A key aspect of the plan would be the decision-making and control arrangements governing the force. These would focus on two principles :

(1) The three nuclear powers would retain the custody and control of their nuclear warheads. Although planning for the force would be coördinated by SACEUR (especially with respect to common target lists), each of the three nations would retain ultimate decision-making power over the use of its nuclear warheads, wherever deployed, at all times.

(2) The non-nuclear host countries would own and control those launchers and missiles that are deployed on their territories. Thus they would wield veto power over the use of weapons on their soil (similar to the power they now wield with respect to U.S. nuclear weapons assigned to national forces). Over time, they would probably gain increased influence in nuclear decision-making through their evolving bilateral relations with providing nations, as well as through broader Alliance institutions.

This design would satisfy the three criteria of the NATO nuclear solution suggested earlier. The American participation in the enterprise would demonstrate tangibly a continued U.S. nuclear commitment to Western Europe. The force would provide a credible counterweight (in both European and Soviet eyes) to Moscow's Europe-oriented missile forces. In the light of its modest size and clearly retaliatory function, it would do so without realistically conveying aggressive or provocative intent. Finally, the scheme would open the way to a meaningful nuclear role for Europe in NATO.

The formula of equal American, French and British contribution to the force need not be fixed over time. Until the French and British were able to muster their shares of the nuclear warheads, the United States would probably shoulder the main burden. In time, once the British and French reached their assigned quotas, the European share could be gradually increased. In short, the plan is open-ended, and points the way to an eventual "Europeanization" of an effective nuclear deterrent in Western Europe.


The emphasis in the above plan on land-based as contrasted with sea-based forces is keyed to the objective of broad Alliance participation in the enterprise, particularly by the non-nuclear powers-an objective which is inherently more elusive in the case of a sea-based alternative (as the MLF experience has shown). Land-based forces also serve more aptly the important criterion of deterrent visibility, especially with respect to the American participation. Yet, visibility obviously works two ways: while the West Europeans have learned in the main to live with the presence of nuclear weapons on European soil, local sensitivities and other political considerations may well constrain the scope of new missile deployments. If this proves to be the case, then there would still be the option of augmenting whatever level of land-based deployments is deemed tolerable by the Alliance with explicit French, British and American commitments of sea- based (submarine) forces to the common deterrent. Whatever "mix" of forces might finally be agreed upon, the "tripartite principle" of equal French, British and American contributions should be the governing one.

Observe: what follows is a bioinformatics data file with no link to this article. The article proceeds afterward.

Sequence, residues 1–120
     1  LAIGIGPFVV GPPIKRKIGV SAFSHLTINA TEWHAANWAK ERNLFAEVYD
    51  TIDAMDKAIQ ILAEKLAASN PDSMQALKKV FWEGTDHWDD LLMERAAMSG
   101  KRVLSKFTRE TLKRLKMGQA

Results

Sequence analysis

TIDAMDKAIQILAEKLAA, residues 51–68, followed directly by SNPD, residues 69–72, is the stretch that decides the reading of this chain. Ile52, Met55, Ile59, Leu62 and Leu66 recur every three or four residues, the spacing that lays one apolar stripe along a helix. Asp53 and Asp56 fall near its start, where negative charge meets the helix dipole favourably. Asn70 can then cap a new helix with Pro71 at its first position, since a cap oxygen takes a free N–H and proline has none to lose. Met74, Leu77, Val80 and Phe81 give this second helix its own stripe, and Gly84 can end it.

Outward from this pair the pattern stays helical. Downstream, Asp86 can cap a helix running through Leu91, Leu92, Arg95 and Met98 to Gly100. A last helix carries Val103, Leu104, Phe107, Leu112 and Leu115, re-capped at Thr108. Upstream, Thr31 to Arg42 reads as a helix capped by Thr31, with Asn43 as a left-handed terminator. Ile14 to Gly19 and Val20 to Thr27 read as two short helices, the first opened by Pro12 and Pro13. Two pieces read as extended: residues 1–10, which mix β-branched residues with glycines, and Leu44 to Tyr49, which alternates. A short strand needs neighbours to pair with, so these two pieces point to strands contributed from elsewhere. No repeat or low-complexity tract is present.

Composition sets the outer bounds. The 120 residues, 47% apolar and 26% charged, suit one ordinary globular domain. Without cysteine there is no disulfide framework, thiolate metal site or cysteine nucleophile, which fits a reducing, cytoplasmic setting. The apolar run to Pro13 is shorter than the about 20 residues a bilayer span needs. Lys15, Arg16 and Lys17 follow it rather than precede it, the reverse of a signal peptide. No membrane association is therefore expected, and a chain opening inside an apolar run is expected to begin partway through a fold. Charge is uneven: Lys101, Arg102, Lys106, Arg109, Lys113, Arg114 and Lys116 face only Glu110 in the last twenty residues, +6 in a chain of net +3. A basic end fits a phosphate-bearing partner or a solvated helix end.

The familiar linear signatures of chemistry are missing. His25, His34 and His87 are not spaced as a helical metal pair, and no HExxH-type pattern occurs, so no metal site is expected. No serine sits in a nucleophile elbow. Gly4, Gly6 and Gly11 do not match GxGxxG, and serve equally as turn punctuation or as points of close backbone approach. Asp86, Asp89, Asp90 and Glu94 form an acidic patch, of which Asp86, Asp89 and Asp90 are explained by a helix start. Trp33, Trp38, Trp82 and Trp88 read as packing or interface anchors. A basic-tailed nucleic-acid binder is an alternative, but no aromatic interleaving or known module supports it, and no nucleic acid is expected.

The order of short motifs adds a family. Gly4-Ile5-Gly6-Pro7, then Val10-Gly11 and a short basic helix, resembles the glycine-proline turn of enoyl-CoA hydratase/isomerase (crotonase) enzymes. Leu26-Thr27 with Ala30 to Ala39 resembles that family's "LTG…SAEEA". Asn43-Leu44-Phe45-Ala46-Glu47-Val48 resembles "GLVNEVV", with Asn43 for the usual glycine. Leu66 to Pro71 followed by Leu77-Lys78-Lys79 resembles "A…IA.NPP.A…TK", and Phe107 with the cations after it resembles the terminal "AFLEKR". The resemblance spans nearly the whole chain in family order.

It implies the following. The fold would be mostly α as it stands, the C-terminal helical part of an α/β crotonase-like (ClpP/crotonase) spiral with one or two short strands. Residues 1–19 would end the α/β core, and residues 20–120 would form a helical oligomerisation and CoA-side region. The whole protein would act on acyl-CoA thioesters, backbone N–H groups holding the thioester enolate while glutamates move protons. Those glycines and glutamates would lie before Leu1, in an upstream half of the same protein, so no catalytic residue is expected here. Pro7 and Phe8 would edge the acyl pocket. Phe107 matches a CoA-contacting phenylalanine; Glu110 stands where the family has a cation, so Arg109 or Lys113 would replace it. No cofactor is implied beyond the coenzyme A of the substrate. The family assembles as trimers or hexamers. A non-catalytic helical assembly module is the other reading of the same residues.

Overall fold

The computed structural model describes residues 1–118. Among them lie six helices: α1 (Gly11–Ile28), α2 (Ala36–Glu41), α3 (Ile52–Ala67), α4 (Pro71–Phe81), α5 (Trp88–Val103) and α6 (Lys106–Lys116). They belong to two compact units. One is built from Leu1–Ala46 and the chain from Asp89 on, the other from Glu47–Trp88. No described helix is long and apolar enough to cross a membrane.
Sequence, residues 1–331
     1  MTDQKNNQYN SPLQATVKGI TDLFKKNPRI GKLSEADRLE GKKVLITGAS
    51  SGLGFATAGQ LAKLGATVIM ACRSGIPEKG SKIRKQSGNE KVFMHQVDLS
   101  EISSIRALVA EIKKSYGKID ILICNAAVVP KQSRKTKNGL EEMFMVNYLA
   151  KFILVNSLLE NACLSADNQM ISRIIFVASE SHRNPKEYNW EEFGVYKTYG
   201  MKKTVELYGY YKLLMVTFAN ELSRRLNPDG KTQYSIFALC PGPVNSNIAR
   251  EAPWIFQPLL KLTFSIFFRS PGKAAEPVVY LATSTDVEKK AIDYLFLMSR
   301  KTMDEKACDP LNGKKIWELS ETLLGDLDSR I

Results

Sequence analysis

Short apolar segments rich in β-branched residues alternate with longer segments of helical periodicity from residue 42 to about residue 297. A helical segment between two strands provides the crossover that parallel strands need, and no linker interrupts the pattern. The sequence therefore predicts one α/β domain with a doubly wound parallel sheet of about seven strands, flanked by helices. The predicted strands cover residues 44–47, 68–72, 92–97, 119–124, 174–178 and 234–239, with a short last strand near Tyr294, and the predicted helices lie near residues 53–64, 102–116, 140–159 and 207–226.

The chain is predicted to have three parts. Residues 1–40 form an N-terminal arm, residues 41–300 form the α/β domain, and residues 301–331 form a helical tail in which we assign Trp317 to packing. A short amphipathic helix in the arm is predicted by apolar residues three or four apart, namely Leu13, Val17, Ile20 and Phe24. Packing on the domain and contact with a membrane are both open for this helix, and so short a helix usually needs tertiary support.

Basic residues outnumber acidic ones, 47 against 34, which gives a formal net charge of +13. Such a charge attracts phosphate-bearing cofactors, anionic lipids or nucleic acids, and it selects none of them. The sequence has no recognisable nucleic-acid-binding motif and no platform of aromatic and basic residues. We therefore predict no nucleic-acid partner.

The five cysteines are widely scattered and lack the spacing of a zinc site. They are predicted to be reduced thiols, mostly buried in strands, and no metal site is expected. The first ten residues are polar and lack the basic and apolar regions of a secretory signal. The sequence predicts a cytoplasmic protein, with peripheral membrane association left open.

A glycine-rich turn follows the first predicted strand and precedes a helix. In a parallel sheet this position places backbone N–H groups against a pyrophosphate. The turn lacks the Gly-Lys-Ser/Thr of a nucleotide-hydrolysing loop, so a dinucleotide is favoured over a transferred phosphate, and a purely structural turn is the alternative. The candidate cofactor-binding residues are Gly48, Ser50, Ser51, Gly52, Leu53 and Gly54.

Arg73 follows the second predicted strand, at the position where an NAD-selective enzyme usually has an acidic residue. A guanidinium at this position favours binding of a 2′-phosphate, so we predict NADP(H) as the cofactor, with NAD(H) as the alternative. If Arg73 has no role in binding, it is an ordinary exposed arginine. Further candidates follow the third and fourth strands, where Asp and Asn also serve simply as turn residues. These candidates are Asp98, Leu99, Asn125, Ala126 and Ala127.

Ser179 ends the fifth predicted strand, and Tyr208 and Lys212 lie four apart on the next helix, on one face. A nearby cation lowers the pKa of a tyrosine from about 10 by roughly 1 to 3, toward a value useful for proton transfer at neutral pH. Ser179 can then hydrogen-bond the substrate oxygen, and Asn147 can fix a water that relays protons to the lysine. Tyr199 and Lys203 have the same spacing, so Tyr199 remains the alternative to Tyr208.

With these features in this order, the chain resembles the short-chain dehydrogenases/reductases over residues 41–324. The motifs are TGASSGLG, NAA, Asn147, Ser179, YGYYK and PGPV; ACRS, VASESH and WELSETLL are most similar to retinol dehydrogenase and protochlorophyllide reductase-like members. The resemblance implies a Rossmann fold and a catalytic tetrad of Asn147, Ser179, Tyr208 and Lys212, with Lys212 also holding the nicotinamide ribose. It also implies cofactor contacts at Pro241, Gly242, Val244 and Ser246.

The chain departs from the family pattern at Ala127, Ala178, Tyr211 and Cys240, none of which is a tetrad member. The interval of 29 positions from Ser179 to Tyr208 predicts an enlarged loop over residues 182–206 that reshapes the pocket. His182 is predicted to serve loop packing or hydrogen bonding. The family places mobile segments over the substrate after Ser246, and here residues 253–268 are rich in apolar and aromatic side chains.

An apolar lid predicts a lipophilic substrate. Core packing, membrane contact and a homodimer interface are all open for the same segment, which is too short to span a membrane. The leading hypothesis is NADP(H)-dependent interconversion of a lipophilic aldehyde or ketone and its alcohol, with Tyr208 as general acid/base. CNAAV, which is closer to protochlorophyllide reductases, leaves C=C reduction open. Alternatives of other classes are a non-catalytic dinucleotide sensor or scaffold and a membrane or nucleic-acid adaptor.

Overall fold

Despite these considerations, the scheme as outlined would face some formidable hurdles. Thus, technical problems undoubtedly would interfere with coördinated development and production of the necessary weapons components (warheads, missiles and launchers), with infrastructure (storage sites, bases, electronic communications, etc.) and with the physical security of the weapons themselves. But their solution would seem to lie clearly within the "state of the art."

There is the question of the burden, and how to share it. Clearly, the kind of force that has been proposed will not be cheap. Yet, as has been suggested, the West European resistance to past American demands for burden- sharing has been motivated in large part by the belief that the part of the total burden pressed upon them by the United States has not really been keenly relevant to their perceived security requirements. The plan proposed here would cater more directly to these requirements. There is no question that, given the will, the allied economies can shoulder the load.

It will also be argued that the entire thrust of the plan defies the trend in Europe toward rapprochement with the Eastern bloc. There is little doubt that the scheme would draw Soviet fulminations. To carry through, the West European governments would have to brave not only some chilled winds from the east, but also likely domestic reactions.

The West German government, in particular, would probably face grave decisions. A decade ago the West Germans led the faction within the Alliance which pressed for a "hardware solution" to the NATO nuclear problem. Yet the times and leadership have changed. Largely in deference to Ostpolitik, the present Brandt government has, if anything, downplayed the Federal Republic's participation in NATO nuclear strategy. At the same time, however, Bonn continues to have the heaviest stake among the European allies in military balance on the Continent and in a visible and unstinting American strategic commitment in Europe-for the sake of the hard and durable dictates of security as well as real bargaining power in Ostpolitik. Critically at issue in Bonn, as well as elsewhere in Western Europe, is the willingness to look beyond the immediate and short-term promises of détente toward the longer-range requirements not only of security and stability, but also of confident bargaining with the East.